The Kansas City Royals have the longest postseason drought of any team in baseball. When the Washington Nationals clinched a playoff spot this year, it assured that every single team had made the playoffs since 1992, with the exception of the Royals.
With Washington, Baltimore and Oakland doing such terrific turnarounds, one would think that they made an offseason splash. But in fact they did not pull off blockbuster moves, save for Oakland trading away almost every pitcher that anyone had ever heard of for young players.
Nor did the teams rock the boat with a earth shattering mid-season deal. The Los Angeles Dodgers made the biggest noise in midseason, then joined the Angels and Marlins on the sidelines.
The Nationals, Orioles and A's all had talent that happened to mature at once. It was less about what they traded and more about who they kept.
The Royals are loaded with young talent. The team already has Billy Butler and Alex Gordon in their line up. Eric Hosmer had a down year but could rebound. Wil Myers is as highly touted a hitter as the minor leagues has to offer.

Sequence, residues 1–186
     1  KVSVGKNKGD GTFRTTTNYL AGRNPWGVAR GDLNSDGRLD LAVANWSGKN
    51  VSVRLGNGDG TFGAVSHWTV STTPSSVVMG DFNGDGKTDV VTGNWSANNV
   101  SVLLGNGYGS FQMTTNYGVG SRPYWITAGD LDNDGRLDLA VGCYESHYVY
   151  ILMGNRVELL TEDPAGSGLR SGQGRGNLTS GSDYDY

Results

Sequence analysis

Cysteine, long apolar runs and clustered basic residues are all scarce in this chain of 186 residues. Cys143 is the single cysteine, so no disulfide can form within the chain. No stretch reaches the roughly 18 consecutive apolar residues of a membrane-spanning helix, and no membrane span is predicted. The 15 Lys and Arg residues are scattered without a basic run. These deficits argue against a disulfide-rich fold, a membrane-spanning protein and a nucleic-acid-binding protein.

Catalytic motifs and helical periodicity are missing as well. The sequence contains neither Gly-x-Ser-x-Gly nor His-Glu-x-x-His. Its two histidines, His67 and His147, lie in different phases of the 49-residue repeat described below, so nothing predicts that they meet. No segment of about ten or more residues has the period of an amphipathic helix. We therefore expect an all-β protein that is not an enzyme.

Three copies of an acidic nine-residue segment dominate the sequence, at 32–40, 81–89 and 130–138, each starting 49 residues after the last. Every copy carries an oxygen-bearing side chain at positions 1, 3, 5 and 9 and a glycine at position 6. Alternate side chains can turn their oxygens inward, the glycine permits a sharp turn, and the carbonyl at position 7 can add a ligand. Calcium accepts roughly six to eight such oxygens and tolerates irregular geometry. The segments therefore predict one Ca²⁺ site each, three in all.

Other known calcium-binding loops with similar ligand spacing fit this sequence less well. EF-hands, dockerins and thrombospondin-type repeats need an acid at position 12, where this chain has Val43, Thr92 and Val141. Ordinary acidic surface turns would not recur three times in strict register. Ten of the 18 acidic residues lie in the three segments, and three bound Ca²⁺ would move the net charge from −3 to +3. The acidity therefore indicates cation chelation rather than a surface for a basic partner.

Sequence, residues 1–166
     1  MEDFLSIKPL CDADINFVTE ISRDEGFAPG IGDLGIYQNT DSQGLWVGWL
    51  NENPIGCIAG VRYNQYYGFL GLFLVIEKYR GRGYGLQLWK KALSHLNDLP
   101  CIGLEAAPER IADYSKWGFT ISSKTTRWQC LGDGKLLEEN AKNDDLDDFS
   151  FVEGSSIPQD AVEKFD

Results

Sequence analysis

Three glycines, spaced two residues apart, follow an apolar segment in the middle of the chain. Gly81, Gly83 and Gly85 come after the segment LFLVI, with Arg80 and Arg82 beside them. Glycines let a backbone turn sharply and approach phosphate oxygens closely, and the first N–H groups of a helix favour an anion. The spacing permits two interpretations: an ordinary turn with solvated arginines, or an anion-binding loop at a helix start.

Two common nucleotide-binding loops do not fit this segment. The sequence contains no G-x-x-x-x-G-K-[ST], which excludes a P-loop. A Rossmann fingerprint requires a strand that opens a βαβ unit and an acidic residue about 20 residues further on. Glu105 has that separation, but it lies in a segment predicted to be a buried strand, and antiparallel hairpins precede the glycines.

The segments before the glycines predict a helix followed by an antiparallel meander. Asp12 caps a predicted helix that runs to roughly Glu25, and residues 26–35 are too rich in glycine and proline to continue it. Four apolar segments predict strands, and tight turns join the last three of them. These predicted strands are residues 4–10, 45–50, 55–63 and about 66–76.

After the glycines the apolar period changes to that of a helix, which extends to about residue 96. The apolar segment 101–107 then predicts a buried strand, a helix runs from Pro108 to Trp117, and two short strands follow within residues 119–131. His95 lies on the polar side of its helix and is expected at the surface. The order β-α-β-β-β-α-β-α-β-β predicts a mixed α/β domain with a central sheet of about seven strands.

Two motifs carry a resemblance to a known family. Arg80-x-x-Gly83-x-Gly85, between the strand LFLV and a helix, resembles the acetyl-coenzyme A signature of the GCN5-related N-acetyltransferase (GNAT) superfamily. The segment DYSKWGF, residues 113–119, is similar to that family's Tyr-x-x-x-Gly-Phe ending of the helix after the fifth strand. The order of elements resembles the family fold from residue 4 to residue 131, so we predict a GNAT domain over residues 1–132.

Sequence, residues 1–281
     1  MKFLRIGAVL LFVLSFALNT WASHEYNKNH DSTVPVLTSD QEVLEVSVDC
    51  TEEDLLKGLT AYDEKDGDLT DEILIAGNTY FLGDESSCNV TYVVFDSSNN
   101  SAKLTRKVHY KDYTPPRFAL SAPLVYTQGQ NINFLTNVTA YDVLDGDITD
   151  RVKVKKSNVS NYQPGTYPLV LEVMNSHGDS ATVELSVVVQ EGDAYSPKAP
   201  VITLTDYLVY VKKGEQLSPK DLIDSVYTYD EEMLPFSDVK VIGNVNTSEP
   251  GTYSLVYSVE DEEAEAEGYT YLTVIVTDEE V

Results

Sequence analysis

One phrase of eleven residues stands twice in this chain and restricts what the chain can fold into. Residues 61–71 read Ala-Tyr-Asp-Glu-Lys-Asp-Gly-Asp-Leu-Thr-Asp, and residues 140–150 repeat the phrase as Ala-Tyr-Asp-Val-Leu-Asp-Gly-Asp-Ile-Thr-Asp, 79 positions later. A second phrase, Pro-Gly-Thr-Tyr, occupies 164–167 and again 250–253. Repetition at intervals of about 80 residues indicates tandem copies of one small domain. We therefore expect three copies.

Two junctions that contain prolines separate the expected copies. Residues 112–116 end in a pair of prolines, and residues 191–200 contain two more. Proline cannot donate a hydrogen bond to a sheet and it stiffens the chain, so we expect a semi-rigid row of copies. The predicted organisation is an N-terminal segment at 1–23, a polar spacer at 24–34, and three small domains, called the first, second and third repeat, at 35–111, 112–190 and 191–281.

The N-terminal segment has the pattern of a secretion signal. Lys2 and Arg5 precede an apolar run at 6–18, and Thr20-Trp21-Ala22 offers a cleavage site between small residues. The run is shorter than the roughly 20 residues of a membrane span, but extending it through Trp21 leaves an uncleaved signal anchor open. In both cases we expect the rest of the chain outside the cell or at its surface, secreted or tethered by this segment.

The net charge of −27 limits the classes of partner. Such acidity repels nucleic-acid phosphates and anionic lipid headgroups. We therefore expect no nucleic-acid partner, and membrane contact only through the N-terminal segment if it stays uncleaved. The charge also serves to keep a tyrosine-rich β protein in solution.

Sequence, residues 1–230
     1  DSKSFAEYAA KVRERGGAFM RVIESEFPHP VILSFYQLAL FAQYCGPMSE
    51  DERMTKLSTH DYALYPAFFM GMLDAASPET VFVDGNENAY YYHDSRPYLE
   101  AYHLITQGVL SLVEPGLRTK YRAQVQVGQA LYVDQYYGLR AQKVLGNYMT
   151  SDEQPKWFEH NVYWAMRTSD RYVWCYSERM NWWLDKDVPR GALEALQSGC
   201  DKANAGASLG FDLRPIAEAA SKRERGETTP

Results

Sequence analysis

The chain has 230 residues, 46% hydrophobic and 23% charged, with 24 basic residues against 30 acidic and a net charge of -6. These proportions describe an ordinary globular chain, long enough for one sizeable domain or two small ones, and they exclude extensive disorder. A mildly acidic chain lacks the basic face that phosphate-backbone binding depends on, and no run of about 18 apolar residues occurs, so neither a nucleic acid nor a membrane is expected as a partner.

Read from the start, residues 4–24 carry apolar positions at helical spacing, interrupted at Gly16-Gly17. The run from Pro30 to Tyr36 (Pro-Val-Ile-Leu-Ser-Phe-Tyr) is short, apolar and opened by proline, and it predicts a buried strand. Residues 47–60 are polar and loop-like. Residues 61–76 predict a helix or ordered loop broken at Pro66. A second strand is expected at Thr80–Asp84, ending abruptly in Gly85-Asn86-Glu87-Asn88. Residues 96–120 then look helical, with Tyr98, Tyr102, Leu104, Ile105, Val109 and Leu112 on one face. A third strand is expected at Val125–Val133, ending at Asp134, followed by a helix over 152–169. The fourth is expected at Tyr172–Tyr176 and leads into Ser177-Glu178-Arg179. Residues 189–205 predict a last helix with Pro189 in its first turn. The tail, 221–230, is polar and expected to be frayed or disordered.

The likes of Salvador Perez, Alcides Escobar and Mike Moustakas will be back.
Their pitching is not exactly deep. But Jeremy Guthrie will be there for the whole season. And who is to say that Will Smith and Luke Hochevar might not improve next year? Or that Earvin Santana and Chris Volstad won't improve with a change of scenery? And Jake Odorizzi is on the verge of being a major leaguer.
Young pitchers like Kelvin Herrera and Tim Collins and Greg Holland pitched well out of the bullpen.
There is talent on this team. And almost every season, there is a surprise contender filled with players who blossomed all at once.
The Royals have many of the pieces of a solid team. The combination was not done cooking in 2012.
If it is ready next year, Royals fans, be prepared to see October baseball for the first time since 1985.